The pitfalls of grain success

At the regional Grain SA meeting held recently in Elsenburg, Dr Kobus Laubscher, general manager of Grain SA, talked about the issues facing the agricultural sector.
Issue date: 22 February 2008

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Just after deregulation agriculture could almost have been compared to a documentary programme as the new market environment continuously produced new challenges and insights. Today, however, it’s more like a soap opera – almost like Sewende Laan – it doesn’t matter how much of the programme you miss, you still know exactly what’s going on. This is because the core issues remain the same.

The energy crisis is one these disconcerting issues. South Africa used to be a model of success compared to other African countries. The energy crisis threatens that reputation. We’re becoming like other northern African countries where load-shedding is a fact of life. The situation is so bad in Nigeria, it’s estimated that only 25% of Lagos’s energy demand is being met.

 Poor planning and a lack of vision, 20 years ago, are now taking their toll on SA’s economic growth. And this comes at a time when we should have gained economic momentum. The way the problem is being addressed is also a cause for concern. It could take years before a new power plant is fully operational. In China there was enough foresight to anticipate that economic growth would not have been sustainable without sufficient energy. That country is erecting new power plants almost daily and economic growth is maintained at around 12% per year.

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Another issue that must be considered is the bread-price hikes based not on increased demand, but rather on increased demand for protein from emerging countries such as China and India. Consumers there are becoming more sophisticated and have more money to spend. The demand for protein results in a rise in demand for grain to feed animals. That combined with the increased demand for grain to use in biofuel, is causing a grain-price rise. It’s relatively certain the increased demand for protein will continue resulting in favourable grain prices.

The question, however, is whether South Africa’s ability to take advantage of the market environment is not going to be stymied by the energy situation. Biofuel should not be seen as the saviour of the grain industry. The impact of biofuel on the price of grain is still uncertain. Interference with the price, especially in the US, has skewed it. At the moment there is a surplus of biofuel in the US. That situation has to be rectified and would obviously have an impact on the grain price. Even so, biofuel production is a factor that could help South African producers diversify the market, and risks, so as to increase production. Grain SA and South African producers have never planned to enter that market at the cost of food security.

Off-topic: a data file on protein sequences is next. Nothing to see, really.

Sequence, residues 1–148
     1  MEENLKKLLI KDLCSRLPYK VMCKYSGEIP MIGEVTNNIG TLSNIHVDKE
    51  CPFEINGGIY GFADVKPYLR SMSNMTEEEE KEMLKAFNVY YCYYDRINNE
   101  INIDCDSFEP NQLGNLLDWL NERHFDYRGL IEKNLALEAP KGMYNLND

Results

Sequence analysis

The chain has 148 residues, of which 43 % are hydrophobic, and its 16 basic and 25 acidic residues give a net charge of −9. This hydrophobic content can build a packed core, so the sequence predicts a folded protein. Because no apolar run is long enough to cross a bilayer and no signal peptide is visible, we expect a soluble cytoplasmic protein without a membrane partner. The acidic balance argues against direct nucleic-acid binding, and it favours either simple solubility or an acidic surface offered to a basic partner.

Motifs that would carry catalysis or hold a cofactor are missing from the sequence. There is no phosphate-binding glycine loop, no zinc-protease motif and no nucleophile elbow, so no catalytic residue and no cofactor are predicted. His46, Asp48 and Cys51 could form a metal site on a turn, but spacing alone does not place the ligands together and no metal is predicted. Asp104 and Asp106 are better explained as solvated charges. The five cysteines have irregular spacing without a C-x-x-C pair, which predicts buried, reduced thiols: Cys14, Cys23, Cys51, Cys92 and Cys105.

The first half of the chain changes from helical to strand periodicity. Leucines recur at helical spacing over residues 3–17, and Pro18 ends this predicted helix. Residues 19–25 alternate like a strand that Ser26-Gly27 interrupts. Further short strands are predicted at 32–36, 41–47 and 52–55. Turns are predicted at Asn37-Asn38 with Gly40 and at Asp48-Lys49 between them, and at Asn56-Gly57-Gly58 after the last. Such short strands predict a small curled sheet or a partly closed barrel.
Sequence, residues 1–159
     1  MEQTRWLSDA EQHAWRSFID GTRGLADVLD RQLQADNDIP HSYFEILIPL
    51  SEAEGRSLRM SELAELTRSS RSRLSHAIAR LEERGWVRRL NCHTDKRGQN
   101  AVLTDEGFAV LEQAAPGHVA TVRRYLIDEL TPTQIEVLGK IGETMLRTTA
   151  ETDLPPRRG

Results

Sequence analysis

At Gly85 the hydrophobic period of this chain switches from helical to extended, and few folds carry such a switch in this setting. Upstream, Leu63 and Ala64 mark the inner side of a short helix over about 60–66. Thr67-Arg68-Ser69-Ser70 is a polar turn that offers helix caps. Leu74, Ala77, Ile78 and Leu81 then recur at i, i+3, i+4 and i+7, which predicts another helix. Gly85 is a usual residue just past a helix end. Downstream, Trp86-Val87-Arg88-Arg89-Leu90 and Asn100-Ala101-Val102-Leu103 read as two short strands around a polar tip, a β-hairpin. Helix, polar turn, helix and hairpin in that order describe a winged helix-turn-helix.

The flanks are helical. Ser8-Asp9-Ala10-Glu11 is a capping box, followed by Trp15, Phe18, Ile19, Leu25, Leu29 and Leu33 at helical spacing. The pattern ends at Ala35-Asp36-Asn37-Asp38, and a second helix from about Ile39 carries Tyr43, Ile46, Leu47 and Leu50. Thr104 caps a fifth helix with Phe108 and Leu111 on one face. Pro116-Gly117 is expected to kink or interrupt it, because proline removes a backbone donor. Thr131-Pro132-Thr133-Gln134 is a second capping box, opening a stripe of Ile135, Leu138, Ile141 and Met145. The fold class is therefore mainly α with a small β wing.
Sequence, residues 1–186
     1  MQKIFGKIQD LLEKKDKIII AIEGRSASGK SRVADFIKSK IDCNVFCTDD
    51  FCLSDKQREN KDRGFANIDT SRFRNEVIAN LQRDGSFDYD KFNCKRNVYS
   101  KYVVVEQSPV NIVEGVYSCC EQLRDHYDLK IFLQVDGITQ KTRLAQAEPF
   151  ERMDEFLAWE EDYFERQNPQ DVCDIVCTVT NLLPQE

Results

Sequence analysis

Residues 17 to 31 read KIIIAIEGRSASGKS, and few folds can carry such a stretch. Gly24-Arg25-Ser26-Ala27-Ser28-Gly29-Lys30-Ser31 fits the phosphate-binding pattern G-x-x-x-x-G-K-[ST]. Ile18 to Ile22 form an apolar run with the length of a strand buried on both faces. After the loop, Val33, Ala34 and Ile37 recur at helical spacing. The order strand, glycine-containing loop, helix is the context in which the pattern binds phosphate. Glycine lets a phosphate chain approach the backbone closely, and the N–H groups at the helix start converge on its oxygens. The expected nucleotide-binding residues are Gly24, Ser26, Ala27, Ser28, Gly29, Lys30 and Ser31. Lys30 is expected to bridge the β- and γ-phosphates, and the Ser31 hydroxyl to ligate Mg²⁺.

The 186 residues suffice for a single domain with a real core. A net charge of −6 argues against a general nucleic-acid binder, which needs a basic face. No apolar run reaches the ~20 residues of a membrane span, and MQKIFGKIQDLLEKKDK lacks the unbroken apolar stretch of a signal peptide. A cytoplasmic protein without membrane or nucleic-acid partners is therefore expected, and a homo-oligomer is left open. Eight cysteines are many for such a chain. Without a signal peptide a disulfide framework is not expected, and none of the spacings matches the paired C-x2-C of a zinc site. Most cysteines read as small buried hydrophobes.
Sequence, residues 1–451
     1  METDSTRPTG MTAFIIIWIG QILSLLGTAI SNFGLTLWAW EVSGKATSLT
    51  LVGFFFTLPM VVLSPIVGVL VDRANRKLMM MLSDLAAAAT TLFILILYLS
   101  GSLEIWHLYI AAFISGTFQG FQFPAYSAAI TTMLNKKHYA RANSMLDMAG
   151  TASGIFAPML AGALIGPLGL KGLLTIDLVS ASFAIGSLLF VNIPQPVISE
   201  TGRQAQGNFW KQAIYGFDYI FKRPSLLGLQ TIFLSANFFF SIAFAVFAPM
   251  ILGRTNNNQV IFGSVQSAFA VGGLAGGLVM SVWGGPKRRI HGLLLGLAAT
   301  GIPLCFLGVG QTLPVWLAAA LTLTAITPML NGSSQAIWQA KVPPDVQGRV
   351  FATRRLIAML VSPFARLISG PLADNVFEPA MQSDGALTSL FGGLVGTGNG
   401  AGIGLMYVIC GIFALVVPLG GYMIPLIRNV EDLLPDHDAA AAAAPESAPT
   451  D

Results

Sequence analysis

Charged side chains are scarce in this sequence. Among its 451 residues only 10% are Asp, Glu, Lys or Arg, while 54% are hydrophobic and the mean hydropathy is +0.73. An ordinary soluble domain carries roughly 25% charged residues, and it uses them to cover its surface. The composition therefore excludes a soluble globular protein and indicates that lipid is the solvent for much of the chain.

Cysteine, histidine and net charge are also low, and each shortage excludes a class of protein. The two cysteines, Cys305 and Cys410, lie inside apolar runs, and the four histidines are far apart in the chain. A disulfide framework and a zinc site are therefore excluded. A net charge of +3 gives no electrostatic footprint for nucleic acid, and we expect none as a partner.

It must also be considered that consumers respond to price. In South Africa we have had relatively low inflation and good economic growth for the past few years. The black middle class has grown by almost 400%, up to 2006, and that has lead to a surge in car and house sales. The demand for food has also changed and increased. A major concern here is the extent of pseudo-wealth. It seems there’s a huge demand for credit in the wrong places. Government needs to revise its economic growth strategy. It’s not too late to intervene, but intervention needs to be subtle – they would have to gently coerce expenditure into the right direction, while not breaking the back of the population.

Such intervention could result in people having less money to buy food and could result in decreased demand for certain products, which in turn could have a negative impact on price. nflation on the input side also needs to be addressed. Input costs in the agricultural sector, for some products, have increased by between 40% and 50% over the past year. Even though prices are more favourable, farmer’s earnings remain under pressure. he whole value chain needs to be evaluated to identify exactly where excessive profits are being made. Farmers and the rest of the supply chain are in partnership with one another. They need to ensure products remain affordable to consumers.

We also need to ensure the industry as a whole operates in a free-market environment. Producers need to be more cold-blooded in terms of farm and cost management to benefit from favourable prices. Don’t forget the cyclic nature of the industry. If you realise a good net income, use that money to make provision for difficult years, and reduce debt. Inflation is set to maintain pressure for a while. Contact Dr Kobus Laubscher on (056) 515 2145